7 IIJ-JPM-BOGLE.qxp 1/28/08 12:04 PM Page 101 until 1991 more than a half-century later that Coase received the Nobel Prize in Economics. In that same year, Murphy, Shleifer, and Vishny [1991] argued that when excessive rewards go to rentseekers whose returns come from the redistribution of wealth rather than the creation of wealth the authors single out government, law, and financial services (including stock traders and money managers) the economy suffers. The authors contrast these rent-seekers with wealth creators such as engineers. But paradoxically, the fastest growth among college engineering majors is not in traditional engineering aeronautical, electrical, mechanical, and the like but in financial engineering for those seeking careers as hedge fund managers and Wall Street quants. 13 Grossman and Hart [1983] also explore the issue of transaction costs. They point out that transactions involving a principal and an agent affect the total amount of money that is available to be divided between the two parties, and develop a method for analyzing the costs and benefits of different actions to the agent. They argue that the owner (the principal) rarely monitors the actions of the manager (the agent), but rather observes the outcome. Yet it is not clear to the owner whether the manager s results are the product of skill or luck just as in the mutual fund industry. Management fees and transaction costs are at the heart of the issue in both instances. More recently, in 2000 Obstfeld and Rogoff discussed the issue of transaction costs in the context of international macroeconomic theory. They conclude that it is relative transaction costs that illuminate a wide range of puzzles, including why trading in goods and services is more national than international and why investors have a home bias in their portfolios (e.g., U.S. investors have 90% of their equity holdings in U.S. stocks). When trading costs are close to zero, these problems recede, but when they reach 25% of the value of trade, the negative dynamics are highly predictable. Surely an examination of the impact of the distinctly similar issue of financial intermediation costs (which are, broadly stated, simply trading costs) would illuminate the discussion of the gap between market returns and the returns that investors actually earn. Despite the obvious importance of this issue, I know of not a single academic study that has systematically attempted to calculate the value extracted by our financial system from the returns earned by investors, nor (as far as I know) has a single article on the subject ever appeared in the professional journals, not the Journal of Finance, or the Journal of Financial Economics, or The Journal of Portfolio Management or the Financial Analysts Journal. Perhaps the best way to honor the legacy of Benjamin Graham and the value he created by his incisive view of our investment system would be for our profession to join with academia and at long last tackle this vital issue of investment costs and how they relate to the benefits of an efficient system of capital formation. Only then can we begin to consider appropriate ways to improve the system, likely by some combination of education, disclosure, regulation, and structural and legal reform. In June 2007, Princeton s valedictorian, economics major Glen Weyl, described his passion for intellectual inquiry this way (he attributes the words to Nobel Laureate Robert Lucas): There are questions so important that it is, or should be, hard to think about anything else. The efficient functioning of our nation s system of financial intermediation is just such a question. It s high time not only to think about it, but also to study it in depth, to calculate its costs and its benefits, and ultimately to demand that it function far more effectively in the national public interest and in the interest of investors than it does today. ENDNOTES This article is based on a speech to the CFA Society of Philadelphia on the 60th Anniversary of the CFA Institute, June 12, The author thanks William Bernstein, Jonathan Clements, Steve Galbraith, Kevin Laughlin, Burton Malkiel, and Glen Weyl for helpful comments. 1 I m confining these remarks largely to equity funds, which now represent about 70% of mutual fund assets. While not all funds have succumbed to these pervasive trends, the exceptions are quite few. 2 Estimated from Federal Reserve Board and Investment Company Institute data. 3 The Morningstar categories are based on nine style boxes, with three market cap categories (large, medium, and small) set on one axis of the matrix and three investment objectives (growth, value, and blend) on the other. 4 Cumulative ten-year return reported by the 200 equity funds with the largest cash inflows: 133%; return earned by their investors: 27%, for the years Source: Bogle Financial Markets Research Center. 5 Ironically, committee-managed Dodge and Cox is among the industry s most accomplished performers. 6 According to Morningstar. Since these data began to get collected about a decade ago, average tenures have remained at about that level. WINTER 2008 THE JOURNAL OF PORTFOLIO MANAGEMENT 101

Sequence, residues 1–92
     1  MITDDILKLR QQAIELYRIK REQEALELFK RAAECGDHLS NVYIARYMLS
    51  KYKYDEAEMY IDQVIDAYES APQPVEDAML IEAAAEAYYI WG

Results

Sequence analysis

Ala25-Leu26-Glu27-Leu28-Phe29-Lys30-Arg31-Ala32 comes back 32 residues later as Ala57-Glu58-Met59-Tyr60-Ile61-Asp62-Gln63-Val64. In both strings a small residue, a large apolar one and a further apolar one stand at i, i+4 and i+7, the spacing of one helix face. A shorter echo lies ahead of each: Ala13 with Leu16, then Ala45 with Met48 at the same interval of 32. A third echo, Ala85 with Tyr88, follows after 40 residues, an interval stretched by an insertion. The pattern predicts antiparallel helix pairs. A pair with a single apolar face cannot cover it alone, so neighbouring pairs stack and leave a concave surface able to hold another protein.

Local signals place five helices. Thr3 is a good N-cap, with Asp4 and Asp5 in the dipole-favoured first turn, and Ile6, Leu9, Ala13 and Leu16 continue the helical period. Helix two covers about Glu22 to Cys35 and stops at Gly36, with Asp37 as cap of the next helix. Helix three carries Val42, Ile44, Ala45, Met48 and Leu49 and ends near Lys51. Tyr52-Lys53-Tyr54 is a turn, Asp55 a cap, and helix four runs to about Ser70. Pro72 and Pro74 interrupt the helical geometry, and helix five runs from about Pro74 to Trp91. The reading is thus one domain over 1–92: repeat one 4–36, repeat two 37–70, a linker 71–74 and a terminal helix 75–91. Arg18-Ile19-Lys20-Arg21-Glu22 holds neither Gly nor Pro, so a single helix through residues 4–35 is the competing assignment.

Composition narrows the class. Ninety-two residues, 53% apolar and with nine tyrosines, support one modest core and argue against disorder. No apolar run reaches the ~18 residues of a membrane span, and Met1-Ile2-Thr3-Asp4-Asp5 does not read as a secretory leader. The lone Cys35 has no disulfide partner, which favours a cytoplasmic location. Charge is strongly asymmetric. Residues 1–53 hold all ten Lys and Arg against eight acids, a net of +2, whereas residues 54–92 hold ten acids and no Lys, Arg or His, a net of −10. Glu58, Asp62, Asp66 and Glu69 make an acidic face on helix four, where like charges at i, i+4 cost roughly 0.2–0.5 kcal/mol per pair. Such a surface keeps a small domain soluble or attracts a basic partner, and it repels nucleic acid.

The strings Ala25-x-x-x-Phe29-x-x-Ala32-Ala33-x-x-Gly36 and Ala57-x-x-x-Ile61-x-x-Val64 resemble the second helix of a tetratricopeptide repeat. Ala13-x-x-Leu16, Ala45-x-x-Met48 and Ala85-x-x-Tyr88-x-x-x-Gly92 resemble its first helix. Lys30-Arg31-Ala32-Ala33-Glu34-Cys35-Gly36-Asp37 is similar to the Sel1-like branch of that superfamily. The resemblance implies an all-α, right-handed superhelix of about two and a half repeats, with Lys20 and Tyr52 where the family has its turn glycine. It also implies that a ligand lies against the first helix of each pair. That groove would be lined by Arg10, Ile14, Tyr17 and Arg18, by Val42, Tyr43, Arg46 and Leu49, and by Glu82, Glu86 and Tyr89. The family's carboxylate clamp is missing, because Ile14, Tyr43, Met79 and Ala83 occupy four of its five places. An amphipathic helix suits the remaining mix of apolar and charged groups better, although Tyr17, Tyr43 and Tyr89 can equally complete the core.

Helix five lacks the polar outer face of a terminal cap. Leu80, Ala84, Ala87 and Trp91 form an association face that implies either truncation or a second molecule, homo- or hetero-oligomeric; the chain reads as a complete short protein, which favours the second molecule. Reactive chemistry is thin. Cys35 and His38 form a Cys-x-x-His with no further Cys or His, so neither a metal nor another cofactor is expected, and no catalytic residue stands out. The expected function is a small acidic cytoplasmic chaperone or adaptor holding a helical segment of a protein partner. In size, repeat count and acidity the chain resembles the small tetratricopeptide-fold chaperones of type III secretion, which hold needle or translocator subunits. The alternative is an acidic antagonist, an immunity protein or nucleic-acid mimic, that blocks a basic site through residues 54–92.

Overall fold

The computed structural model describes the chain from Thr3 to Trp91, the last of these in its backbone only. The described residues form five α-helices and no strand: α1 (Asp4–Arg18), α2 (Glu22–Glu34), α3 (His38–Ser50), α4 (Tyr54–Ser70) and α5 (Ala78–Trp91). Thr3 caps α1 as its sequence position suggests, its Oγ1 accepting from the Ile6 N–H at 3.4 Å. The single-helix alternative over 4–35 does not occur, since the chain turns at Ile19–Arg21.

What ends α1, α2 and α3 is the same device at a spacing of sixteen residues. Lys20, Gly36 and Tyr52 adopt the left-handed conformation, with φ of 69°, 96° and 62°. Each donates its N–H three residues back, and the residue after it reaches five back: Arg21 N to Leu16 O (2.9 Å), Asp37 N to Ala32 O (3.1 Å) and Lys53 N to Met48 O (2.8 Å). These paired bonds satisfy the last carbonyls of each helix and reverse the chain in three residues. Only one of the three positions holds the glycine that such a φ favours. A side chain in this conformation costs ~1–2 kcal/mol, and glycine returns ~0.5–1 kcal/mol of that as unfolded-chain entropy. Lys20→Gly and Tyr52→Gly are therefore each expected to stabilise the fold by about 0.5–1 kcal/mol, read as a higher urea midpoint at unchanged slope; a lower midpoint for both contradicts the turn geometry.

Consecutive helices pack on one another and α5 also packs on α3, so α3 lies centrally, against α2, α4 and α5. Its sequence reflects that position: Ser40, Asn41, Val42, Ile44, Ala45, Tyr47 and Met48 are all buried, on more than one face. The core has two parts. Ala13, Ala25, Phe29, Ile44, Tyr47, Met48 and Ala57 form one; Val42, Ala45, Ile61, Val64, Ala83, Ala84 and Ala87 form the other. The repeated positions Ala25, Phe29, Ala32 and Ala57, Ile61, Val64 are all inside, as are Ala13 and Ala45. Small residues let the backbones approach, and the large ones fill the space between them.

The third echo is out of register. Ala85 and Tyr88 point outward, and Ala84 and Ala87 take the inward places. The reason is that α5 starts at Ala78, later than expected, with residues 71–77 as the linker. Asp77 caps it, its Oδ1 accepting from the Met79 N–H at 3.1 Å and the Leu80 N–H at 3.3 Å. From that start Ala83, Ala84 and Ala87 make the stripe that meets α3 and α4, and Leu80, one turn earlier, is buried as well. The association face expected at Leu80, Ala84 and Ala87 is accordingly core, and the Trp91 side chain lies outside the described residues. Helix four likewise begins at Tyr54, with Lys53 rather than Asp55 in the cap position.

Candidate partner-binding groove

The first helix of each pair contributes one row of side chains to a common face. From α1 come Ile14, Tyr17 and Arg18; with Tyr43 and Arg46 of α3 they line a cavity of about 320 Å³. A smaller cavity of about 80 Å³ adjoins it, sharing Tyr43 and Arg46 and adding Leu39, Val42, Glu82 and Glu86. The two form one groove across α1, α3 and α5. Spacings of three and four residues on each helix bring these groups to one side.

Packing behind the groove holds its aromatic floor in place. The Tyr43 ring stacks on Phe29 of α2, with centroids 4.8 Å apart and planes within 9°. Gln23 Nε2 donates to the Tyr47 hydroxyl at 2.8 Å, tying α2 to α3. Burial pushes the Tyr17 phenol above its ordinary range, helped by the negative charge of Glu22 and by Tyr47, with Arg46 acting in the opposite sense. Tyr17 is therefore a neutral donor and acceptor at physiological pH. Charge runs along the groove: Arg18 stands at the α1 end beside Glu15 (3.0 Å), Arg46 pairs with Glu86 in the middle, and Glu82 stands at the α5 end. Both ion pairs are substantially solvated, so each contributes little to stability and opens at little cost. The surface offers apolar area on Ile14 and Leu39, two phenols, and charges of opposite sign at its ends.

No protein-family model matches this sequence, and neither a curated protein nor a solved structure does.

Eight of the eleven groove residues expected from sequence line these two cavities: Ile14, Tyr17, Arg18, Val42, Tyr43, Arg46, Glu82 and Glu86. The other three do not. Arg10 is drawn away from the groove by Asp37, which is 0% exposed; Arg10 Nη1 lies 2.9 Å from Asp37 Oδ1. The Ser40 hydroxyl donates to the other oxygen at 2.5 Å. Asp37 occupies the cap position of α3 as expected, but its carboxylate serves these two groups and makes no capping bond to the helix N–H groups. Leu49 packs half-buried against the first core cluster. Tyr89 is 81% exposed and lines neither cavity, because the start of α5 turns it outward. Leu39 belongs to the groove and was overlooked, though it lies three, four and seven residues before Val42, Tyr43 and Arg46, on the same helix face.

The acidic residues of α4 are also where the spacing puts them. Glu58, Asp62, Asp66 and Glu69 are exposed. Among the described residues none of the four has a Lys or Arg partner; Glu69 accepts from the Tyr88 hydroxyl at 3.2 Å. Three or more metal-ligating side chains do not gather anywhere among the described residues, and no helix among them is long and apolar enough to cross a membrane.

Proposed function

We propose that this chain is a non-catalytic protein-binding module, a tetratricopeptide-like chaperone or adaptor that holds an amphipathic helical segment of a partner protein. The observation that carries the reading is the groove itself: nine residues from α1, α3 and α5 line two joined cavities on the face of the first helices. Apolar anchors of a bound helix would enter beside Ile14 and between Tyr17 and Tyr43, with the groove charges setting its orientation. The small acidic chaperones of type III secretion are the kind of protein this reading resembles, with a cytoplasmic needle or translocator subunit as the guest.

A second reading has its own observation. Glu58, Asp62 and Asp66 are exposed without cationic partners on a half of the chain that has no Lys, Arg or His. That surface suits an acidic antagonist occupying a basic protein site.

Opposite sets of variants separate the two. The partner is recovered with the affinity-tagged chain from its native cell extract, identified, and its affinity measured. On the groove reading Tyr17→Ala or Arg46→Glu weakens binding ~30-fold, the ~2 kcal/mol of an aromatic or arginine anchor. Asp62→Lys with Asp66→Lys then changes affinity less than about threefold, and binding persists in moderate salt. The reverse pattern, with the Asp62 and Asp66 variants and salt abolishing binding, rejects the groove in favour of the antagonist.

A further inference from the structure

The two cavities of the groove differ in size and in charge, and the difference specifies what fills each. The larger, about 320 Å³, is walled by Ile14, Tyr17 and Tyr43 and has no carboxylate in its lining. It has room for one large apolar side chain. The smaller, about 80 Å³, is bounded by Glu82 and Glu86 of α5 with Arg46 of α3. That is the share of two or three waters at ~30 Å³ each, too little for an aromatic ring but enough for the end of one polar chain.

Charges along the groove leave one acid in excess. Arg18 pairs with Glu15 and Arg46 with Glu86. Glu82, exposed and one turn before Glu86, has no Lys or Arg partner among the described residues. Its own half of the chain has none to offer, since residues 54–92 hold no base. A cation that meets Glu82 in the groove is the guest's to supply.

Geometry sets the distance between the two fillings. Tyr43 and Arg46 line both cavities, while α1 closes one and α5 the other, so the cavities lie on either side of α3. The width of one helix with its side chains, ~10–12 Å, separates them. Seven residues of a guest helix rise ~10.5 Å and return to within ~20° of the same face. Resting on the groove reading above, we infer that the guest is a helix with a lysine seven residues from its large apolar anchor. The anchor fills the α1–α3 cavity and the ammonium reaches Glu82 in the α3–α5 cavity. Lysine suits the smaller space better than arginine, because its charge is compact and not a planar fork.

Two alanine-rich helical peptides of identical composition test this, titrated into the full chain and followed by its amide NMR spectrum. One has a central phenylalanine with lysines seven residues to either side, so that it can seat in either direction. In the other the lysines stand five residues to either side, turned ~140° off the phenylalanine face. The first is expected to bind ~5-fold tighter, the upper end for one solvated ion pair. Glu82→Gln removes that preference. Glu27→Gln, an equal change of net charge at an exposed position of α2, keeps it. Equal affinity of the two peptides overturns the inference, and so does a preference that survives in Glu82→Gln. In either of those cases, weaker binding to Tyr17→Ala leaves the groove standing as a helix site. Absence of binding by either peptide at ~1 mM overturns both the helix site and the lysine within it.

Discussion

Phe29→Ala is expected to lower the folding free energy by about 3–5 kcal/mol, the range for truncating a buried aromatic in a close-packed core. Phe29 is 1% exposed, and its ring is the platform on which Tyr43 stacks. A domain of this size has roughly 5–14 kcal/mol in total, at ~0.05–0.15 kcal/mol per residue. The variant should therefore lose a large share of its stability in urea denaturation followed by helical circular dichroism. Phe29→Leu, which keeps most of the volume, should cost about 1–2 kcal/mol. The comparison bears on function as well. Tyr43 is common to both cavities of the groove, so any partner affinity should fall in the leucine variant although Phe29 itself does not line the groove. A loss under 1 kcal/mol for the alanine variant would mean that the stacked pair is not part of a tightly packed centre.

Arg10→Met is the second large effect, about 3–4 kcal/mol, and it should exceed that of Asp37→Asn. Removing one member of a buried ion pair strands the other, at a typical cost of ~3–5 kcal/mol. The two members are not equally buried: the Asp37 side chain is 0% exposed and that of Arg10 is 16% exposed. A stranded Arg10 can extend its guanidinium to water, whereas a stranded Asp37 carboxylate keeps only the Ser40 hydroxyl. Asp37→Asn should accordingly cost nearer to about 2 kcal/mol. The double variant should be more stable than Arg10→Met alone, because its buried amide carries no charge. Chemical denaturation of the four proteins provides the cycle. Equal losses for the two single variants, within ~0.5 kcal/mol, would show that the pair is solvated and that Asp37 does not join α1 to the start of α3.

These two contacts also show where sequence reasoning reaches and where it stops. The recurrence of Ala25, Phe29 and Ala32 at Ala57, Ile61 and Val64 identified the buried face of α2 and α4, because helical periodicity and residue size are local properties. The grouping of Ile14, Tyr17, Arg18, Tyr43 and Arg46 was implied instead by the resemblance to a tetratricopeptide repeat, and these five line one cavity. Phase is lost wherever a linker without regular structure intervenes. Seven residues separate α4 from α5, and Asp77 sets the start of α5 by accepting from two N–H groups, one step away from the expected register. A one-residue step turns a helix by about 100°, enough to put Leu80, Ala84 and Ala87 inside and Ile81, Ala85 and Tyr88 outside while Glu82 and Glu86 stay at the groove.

8 IIJ-JPM-BOGLE.qxp 1/28/08 12:04 PM Page Source: Wiesenberger Investment Companies Yearbook, Strategic Insight, and Empirical Research Associates. 8 Bogle Financial Research Center estimates based on data from Securities Industry Association, Lipper Analytical Services, and Empirical Research Associates. 9 For the nine months ended September 30, 2007, financial services produced 42% ($52 billion) of General Electric s total revenues ($124 billion). 10 Source: Standard & Poor s Corporation. The 2006 operating earnings of the S&P 500 totaled $787 billion. 11 Please consider these numbers crude estimates. I ve rounded the yield to 2.0%; earnings growth could easily revert to the long-term mean of 5.0%; and who can really be confident about the stock market s price-earnings multiple in 2018? 12 That may be a best-case scenario. While I ve ignored taxes, most fund investors cannot ignore them. I ve also ignored the likelihood, based on the past experience described earlier in this article, that the annual return of the fund investor will continue to fall far short of the net annual real return of 2.2% expected for the average fund. 13 For example, at Princeton University there were 148 traditional engineering majors and 25 financial engineering majors in the Class of In the Class of 2009, there are 122 traditional engineering majors (down 17%) and 68 financial engineering majors (up 172%). REFERENCES Abelson, Alan. Swarm of Analysts. Barron s (May 28, 2007), p. 5. Bergstresser, Daniel, John M.R. Chalmers, and Peter Tufano. Assessing the Costs and Benefits of Brokers in the Mutual Fund Industry. Presented at the AFA 2006 Meetings, January 16, Available at: SSRN: Bogle, John C. The Battle for the Soul of Capitalism. New Haven: Yale University Press, The Economic Role of the Investment Company, Princeton University thesis, Published in John Bogle on Investing: The First 50 Years. New York: McGraw-Hill, Coase, Ronald H. The Nature of the Firm. Economica, Vol. 4, No. 16 (1937). Graham, Benjamin. The Future of Financial Analysis. Financial Analysts Journal (May/June 1963), pp Grossman, Sanford J., and Oliver D. Hart. An Analysis of the Principal-Agent Problem. Econometrics, Vol. 51, No. 1 (January 1983). Keynes, John Maynard. The General Theory of Employment, Interest and Money. New York: Harcourt, Brace & Company, Khurana, Rakesh. Q1. Yale School of Management, Lardner, James. The Specter Haunting Your Office. The New York Review of Books, June 14, Munger, Charles T. Speech before Foundation Financial Officers Group. Santa Monica, CA, October 14, Murphy, Kevin, Andrei Shleifer, and Robert W. Vishny. The Allocation of Talent. Quarterly Journal of Economics (May 1991). Obstfeld, Maurice, and Kenneth Rogoff. The Six Major Puzzles in International Finance: Is There a Common Cause? NBER Macroeconomics Annual, 15 (2000). Weyl, Glen. Princeton University valedictory address, June 5, To order reprints of this article, please contact Dewey Palmieri at or The Little Book of Common Sense Investing The Only Way to Guarantee Your Fair Share of Stock Market Returns. New York: John Wiley & Sons, A QUESTION SO IMPORTANT THAT IT SHOULD BE HARD TO THINK ABOUT ANYTHING ELSE WINTER 2008